Approximately 1 out of every 8 men in the United States will be diagnosed with prostate cancer during his lifetime. If you’ve joined the nearly 300,000 men diagnosed each year, you want to fully understand your options moving forward.
Deciding whether to treat your prostate cancer is a highly personal decision and should be based on your circumstances alone. Of course, the experienced team of men’s health experts here at Arizona Urology is here to guide you and provide you with the information you need to make the best choice for your goals.
Here, we focus on the critical points to consider when planning your next steps.
The first decision you face is whether to undergo treatment for your prostate cancer. It may seem counterintuitive, but not treating prostate cancer can be a very wise choice that best preserves your quality of life.
If your prostate cancer is in the early stages and confined to your prostate, there’s a good case for active surveillance. By that, we mean that we see you often to track your prostate cancer, which allows us to step in quickly if we see signs that it’s becoming more problematic.
Many of our patients opt for active surveillance because they’re older and/or have other, more imminent, health concerns. A good number of our patients also choose a wait-and-see approach because they want to avoid the side effects of treatment, namely incontinence and erectile dysfunction.
It’s also important to have a good support system in place if you opt for treatment, as you’ll need a little extra care afterward. If no such structure exists, it may be better to try active surveillance first.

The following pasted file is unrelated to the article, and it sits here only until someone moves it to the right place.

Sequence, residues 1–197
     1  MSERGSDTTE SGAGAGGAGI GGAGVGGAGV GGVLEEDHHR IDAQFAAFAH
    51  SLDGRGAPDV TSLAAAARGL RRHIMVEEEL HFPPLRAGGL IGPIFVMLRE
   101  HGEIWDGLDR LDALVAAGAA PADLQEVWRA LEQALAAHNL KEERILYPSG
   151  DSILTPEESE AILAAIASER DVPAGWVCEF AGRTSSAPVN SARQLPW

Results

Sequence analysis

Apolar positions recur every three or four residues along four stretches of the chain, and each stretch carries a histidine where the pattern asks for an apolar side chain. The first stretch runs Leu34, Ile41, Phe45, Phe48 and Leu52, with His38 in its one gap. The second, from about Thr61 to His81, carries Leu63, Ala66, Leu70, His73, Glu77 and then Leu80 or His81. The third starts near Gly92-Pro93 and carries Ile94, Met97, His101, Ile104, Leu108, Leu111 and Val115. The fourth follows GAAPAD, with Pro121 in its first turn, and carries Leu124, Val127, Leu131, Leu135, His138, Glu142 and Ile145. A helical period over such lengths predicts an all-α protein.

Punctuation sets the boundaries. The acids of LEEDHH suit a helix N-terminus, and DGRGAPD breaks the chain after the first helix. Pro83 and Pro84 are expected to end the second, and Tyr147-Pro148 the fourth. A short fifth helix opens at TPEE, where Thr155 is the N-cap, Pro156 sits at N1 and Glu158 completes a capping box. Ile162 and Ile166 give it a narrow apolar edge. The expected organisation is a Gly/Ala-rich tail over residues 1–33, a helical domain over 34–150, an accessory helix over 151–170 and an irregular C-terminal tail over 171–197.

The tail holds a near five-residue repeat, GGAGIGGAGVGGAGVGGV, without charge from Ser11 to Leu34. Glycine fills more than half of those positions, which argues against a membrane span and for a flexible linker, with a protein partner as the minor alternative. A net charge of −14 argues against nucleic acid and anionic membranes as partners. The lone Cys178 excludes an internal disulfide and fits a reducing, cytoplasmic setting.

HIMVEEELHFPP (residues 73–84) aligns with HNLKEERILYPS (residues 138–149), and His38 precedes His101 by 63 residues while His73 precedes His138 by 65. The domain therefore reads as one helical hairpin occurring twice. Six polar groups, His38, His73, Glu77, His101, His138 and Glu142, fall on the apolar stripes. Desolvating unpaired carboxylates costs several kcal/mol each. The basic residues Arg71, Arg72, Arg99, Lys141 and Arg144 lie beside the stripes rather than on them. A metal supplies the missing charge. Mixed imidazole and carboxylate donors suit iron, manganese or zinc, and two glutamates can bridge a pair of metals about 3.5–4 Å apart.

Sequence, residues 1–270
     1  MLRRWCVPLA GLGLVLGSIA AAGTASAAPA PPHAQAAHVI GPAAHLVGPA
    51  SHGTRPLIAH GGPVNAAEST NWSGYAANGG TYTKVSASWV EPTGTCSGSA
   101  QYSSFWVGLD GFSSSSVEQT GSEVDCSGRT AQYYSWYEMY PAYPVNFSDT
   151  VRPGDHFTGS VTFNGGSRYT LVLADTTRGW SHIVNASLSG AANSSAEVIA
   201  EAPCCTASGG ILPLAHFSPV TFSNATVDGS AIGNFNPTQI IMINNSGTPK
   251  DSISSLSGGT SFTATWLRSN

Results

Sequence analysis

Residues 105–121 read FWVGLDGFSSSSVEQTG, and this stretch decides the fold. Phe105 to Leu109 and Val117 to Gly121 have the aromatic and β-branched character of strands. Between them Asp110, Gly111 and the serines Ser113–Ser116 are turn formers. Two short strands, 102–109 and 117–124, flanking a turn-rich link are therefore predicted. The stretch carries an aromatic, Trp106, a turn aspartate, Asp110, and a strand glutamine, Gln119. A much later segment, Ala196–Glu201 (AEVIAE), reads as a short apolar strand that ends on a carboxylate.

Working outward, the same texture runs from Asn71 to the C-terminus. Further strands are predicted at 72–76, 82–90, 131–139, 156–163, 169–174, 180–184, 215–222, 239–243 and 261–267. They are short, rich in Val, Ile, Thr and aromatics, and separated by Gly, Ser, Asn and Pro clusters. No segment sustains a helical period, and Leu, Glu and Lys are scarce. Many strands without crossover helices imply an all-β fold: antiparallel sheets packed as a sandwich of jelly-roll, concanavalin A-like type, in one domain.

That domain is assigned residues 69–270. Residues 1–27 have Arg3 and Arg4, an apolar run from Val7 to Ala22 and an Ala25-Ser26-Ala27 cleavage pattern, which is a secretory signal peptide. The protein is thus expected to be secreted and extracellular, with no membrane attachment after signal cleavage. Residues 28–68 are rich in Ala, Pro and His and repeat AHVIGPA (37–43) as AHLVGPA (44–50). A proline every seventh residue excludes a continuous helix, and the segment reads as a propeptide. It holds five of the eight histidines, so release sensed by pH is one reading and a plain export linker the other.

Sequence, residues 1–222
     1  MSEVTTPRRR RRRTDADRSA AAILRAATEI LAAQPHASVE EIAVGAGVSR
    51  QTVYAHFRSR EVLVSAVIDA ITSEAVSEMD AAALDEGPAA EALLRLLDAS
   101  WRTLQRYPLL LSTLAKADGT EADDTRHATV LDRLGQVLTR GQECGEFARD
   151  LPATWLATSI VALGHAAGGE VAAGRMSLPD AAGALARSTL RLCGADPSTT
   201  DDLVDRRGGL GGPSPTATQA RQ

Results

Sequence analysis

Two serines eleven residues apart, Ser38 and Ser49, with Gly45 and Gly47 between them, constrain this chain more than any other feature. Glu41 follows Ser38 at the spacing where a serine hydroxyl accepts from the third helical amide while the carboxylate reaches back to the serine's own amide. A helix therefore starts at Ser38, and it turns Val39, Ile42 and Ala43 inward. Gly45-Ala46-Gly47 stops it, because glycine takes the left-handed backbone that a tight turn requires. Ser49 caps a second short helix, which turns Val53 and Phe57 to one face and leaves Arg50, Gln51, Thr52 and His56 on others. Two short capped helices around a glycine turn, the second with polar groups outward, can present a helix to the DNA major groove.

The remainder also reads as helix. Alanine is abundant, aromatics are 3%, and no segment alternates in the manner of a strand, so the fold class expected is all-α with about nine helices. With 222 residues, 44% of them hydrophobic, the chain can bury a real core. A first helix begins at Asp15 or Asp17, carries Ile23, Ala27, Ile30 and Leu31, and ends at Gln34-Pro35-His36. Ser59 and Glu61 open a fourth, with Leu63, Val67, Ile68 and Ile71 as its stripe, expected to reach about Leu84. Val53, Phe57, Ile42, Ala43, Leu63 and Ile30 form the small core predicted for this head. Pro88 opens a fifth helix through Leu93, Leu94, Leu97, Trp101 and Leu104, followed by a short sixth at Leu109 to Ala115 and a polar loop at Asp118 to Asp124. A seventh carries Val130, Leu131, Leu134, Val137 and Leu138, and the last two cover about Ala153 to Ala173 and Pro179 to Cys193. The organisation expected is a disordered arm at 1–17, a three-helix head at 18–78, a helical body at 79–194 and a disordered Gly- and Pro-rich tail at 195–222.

There are several instances in which we might recommend treating your prostate cancer, including:
Like other cancers, we grade your prostate cancer. In this case, we use the Gleason scoring system, which rates the cancer cells. The scores range from 2-10, with 6 being low grade; 7, medium grade; and 8-10, high grade (scores between 2 and 5 are of little concern). Treatment is advisable if you have a score of 7 or higher.
If your PSA (prostate-specific androgen) level is higher than 10, it’s a good indicator that active cancer may be present.
If you have a strong family history of prostate cancer, especially a death due to the disease, treatment might be wise.
While most prostate cancer diagnoses occur later in life, in your 60 and 70s, some men are diagnosed earlier. If you’re in your 40s or 50s, treating your prostate cancer early on can make good sense.
Another reason some of our patients opt for treatment is that they simply don’t like the idea of cancer being present in their bodies.
As you can see, there are numerous factors to consider when deciding your next steps. The bottom line is that this is a personal decision, and you should be comfortable with your choice. To be sure, we’re here to guide you and provide you with recommendations.For more information on treating prostate cancer, please contact one of our locations in Goodyear, Gilbert, or Glendale, Arizona.